So they shook hands with their idol—unable to speak, weak in the knees, the whole fan-meets-hero hassle included.  But they did manage to hand him their album featuring 16 Kristofferson covers, Rockabilly style, leaving out the most popular ones for a good reason.  “What Elvis Presley, Johnny Cash, Willie Nelson and Janis Joplin have done with hits like ‘Me And Bobby McGee’ and ‘Help Me Make It Through The Night’ is simply not replicable, especially for a little rock’n’roll band from Germany,” Julian says about the band’s song choice. Having been thoroughly familiar with Kristofferson’s back catalogue since their teens, the Rocket to Stardom band mates admire the wide musical range the now 77-years-old Texan native has put into his body of work. “In Germany, Kris Kristofferson is mostly known for his acting, but as far as we’re concerned, his deep lyrics and wonderful songs have made a strong impression on us since we were kids, no matter what was fashionable back then,” says the 39-year-old Julian.

In 2010—having already passed the legal drinking age for quite some time—there was a night of high spirits which would go on to change their lives forever. In the beginning “it was just one of those projects you get into to have fun,” but after a while the three talented rockabilly musicians found their way of presenting the material in the right guise. “It felt good to be different,” remarks Julian, “our bands are part of a subcultural, underground scene. We’re not in this for the money.” What pays the rent are their jobs as a lawyer, police officer and gardener. “But our real life is music, period. It’s not always easy to reconcile both worlds, I can tell you,” admits Julian. 

Those “Duesseldorf dudes,” as they are known in Kristofferson’s world, are getting ready to tour with their idol and label boss. Being able to perform their versions for the German fans and knowing that the man who wrote them will be behind the curtain is a thrill of a life-time and, yes, a dream come true. The trio, which obviously took the name from a 70s Kristofferson song, knows how to handle the situation, because “nobody has recorded an album of his songs in rockabilly style.” Kristofferson truly loves Rocket to Stardom—he even participated in the project by singing with the band on two tracks. Kristofferson goes rockabilly on “Under The Gun“ and “I Hate Your Ugly Face” and his daughter Kelly makes her recording debut here on “Between Heaven And Here.” Could there be a bigger compliment? “Well, if he booked us for a private garden party in Hawaii. But we might be too expensive,” laughs Julian, the lawyer. “Mind you, if he really did, we definitely would call it a day.” At the same time, they’re just getting started…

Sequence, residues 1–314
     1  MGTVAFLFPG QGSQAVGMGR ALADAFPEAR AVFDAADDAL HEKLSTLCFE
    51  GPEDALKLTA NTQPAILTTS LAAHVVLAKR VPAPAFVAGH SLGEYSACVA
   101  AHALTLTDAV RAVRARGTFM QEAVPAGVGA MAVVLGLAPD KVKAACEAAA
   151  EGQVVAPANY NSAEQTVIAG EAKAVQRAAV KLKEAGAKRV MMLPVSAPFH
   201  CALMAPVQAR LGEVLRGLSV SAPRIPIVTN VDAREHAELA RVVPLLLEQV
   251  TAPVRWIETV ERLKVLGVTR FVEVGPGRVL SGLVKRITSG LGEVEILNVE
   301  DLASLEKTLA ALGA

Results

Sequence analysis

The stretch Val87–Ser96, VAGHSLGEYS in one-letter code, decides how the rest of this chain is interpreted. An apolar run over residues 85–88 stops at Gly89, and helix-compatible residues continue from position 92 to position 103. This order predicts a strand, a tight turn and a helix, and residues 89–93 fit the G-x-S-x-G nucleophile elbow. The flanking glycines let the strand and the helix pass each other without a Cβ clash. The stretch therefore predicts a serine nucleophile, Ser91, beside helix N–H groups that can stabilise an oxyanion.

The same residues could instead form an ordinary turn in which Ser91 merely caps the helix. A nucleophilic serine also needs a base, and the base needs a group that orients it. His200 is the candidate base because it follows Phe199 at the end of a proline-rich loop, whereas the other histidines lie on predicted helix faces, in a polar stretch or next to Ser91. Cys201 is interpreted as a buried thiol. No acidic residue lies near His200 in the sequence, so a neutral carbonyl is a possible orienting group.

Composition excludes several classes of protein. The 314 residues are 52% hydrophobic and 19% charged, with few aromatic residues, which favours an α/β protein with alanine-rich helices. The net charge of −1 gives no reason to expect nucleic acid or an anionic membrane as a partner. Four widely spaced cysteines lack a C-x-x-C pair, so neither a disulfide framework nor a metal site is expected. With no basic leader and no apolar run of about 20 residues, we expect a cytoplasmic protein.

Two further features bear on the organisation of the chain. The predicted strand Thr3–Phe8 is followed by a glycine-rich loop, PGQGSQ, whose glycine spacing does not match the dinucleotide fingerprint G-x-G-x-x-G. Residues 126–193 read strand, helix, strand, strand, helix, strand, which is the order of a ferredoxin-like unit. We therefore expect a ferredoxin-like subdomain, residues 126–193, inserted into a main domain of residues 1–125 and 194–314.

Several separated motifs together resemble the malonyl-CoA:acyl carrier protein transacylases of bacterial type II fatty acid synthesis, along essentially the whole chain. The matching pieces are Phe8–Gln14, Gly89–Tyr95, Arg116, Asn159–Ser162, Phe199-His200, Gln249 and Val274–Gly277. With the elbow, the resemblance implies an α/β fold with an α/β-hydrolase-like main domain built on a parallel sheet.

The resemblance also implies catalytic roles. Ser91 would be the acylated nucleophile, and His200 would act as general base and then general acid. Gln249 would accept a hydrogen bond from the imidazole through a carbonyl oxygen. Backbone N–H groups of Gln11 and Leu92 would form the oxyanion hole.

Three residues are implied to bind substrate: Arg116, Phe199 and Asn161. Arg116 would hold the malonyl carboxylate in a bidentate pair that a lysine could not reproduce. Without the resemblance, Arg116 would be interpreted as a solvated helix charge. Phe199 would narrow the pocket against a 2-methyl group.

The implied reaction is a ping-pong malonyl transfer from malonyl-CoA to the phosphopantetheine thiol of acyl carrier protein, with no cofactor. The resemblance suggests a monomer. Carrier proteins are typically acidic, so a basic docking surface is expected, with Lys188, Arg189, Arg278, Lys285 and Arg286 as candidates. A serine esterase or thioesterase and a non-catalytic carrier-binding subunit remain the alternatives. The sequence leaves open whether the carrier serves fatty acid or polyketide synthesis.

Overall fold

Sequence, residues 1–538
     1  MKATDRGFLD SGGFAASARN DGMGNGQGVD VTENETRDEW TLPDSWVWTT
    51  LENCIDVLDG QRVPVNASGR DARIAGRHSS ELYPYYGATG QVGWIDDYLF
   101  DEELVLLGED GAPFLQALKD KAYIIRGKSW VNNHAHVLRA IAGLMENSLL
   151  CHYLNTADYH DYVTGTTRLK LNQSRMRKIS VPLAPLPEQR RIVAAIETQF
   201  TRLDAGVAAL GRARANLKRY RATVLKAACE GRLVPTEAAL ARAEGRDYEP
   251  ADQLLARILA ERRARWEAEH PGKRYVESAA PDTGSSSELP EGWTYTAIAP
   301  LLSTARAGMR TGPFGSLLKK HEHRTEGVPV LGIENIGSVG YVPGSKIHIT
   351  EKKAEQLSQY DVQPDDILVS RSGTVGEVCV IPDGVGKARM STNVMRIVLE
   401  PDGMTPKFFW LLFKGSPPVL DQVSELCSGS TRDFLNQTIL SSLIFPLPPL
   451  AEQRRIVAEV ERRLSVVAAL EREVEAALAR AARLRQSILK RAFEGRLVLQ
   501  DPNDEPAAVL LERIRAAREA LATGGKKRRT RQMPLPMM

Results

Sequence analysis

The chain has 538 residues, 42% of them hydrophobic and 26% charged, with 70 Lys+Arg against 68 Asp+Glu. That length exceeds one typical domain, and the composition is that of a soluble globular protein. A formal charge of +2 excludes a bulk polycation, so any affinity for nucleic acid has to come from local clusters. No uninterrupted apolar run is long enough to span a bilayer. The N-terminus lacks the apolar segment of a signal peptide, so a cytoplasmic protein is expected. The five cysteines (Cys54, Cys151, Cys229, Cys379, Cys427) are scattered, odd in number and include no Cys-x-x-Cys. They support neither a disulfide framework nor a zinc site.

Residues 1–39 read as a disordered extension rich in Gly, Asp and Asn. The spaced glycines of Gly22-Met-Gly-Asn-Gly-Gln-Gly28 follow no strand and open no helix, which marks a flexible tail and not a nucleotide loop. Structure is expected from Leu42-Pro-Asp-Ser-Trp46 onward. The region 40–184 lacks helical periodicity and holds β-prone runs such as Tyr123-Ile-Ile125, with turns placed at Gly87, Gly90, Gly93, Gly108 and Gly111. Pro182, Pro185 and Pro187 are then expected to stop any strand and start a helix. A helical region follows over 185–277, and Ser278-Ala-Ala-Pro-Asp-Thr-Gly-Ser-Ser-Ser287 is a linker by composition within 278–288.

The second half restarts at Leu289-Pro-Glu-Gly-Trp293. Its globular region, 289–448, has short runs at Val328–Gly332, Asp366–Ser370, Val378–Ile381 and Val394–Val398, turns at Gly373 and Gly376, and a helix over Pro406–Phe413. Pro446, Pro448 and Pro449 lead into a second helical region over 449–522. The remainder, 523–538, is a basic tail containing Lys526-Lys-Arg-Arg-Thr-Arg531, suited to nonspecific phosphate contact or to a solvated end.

Julian Wiethoff – vocals, guitar

Bojan Lutz - bass

Jens Feldhaus - drums

Interview with Rock Cellar Magazine

Kris sits down with Marshall Ward to discuss everything; Greenwich Village, Johnny Cash, Gratitude, and Humility and much more.  Read the article at

Kris Joins Television Series, Troubadour, TX

Legendary singer, songwriter and actor Kris Kristofferson will join television series, Troubadour, TX for it’s third season, which begins airing in late September.

Kristofferson will appear weekly as a segment host for the award-winning, 22 episode series. He will share personal stories of his life as a singer/songwriter, the influence of Texas music and artists and offer his unique perspective into the challenging journey of artists.  He will also star in a one-hour music special, presented by Troubadour, TX.

The one-hour music special, “Troubadour, TX presents an evening with Kris Kristofferson,” will air this fall nationwide on networks carrying the Troubadour, TX series.

"Having Kris Kristofferson as a part of the series and featured in a one-hour music special is an incredible honor,” said Carl Kornmeyer, COO of LBK Entertainment and executive producer of the show. “He is a musical poet, a legend and a true Troubadour."

In-Depth interview with CMT

Kris sits down with Whitney Self from CMT to talk about life, music, and Kris's new album, Feeling Mortal.  Read the inteview here:

Posted 2013-05-09

NPR interviews Kris

Kris sits down with NPR to discuss his new record.  Read excerpts or listen to the whole piece here:

Posted 2013-04-06

Rolling Stone Reviews Feeling Mortal

Speaking from his home on the Hawaiian island of Maui, Kris Kristofferson, 76, looks back on a life rich with Hall of Fame-worthy country-music writing and recording credits, acclaimed acting roles, a Rhodes scholarship and collegiate athletic prowess with nothing short of fondness. "It's a pretty neat life when you think about it," he tells Rolling Stone. "I just feel so grateful." Read more:

Posted 2013-04-06

Video: Feeling Mortal

Country Music Hall of Famer Kris Kristofferson sat down with host Mojo Nixon and an audience of SiriusXM subscribers and superfans and answered questions about his life, career, and performed several songs including some from his new album "Feeling Mortal." This Town Hall special aired on SiriusXM Outlaw Country home to renegades, rebels, rabble rousers, and rogues (

Posted 2013-04-06

Feeling Mortal - New Album

Kris Kristofferson releases Feeling Mortal on his own KK Records
Album of all new material drops January 29, 2013
Legendary songwriter Kris Kristofferson will release his first album of new material in four years on January 29, 2013.  Feeling Mortal will be his first completely independent release on Kristofferson’s KK Records label.